Write-only memory

On April Fool’s Day, I usually look for interesting jokes of the past. And I’ve found one that is related to vintage technology. From the Write-only memory Wikipedia page:

Write-only memory (WOM) is the antithesis of read-only memory (ROM). By definition, a WOM is a memory device which can be written but never read. Since there seems to be no obvious use for such a memory circuit, from which data cannot be retrieved, the concept is most often used as a joke or a metaphor for a failed memory device.

The Signetics original
Out of frustration with the long and seemingly useless chain of approvals required of component specifications, during which no actual checking seemed to occur, an engineer at Signetics once created a specification for a write-only memory and included it with a bunch of other specifications to be approved. This inclusion came to the attention of Signetics management only when regular customers started calling and asking for pricing information. Signetics published a corrected edition of the data book and requested the return of the ‘erroneous’ ones.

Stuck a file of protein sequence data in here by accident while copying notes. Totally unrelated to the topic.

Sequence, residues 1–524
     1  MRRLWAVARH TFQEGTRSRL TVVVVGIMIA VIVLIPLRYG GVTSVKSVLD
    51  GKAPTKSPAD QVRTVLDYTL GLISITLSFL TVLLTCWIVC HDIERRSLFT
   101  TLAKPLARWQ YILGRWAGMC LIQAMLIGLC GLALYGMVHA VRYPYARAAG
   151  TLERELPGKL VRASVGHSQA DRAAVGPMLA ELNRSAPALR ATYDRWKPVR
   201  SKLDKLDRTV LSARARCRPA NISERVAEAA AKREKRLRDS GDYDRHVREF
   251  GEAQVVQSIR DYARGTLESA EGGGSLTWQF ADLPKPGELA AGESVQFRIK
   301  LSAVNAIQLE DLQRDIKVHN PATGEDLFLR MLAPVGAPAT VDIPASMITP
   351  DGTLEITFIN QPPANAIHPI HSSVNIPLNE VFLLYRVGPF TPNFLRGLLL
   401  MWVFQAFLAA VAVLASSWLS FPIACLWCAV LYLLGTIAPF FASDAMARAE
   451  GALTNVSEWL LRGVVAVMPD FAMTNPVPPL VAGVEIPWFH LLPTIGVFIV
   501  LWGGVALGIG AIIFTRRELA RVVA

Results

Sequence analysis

Later, in 1972, Signetics bought a double-page spread in the April issue of Electronics and used the specification as an April Fool’s Day joke. Instead of the more conventional characteristic curves, the 25120 “fully encoded, 9046 x N, Random Access, write-only-memory” data sheet included diagrams of “bit capacity vs. Temp.”, “Iff vs. Vff”, “Number of pins remaining vs. number of socket insertions”, and “AQL vs. selling price”. The 25120 required a 6.3 VAC Vff (vacuum tube filament) supply, a +10 V Vcc (double the Vcc of standard TTL logic of the day), and Vdd of 0 V (ie. ground), ±2%.

At the bottom of the Wikipedia article, you’ll find links to a scan of the original data sheet in PDF format, but here they are anyway:

The footnotes made me chuckle.


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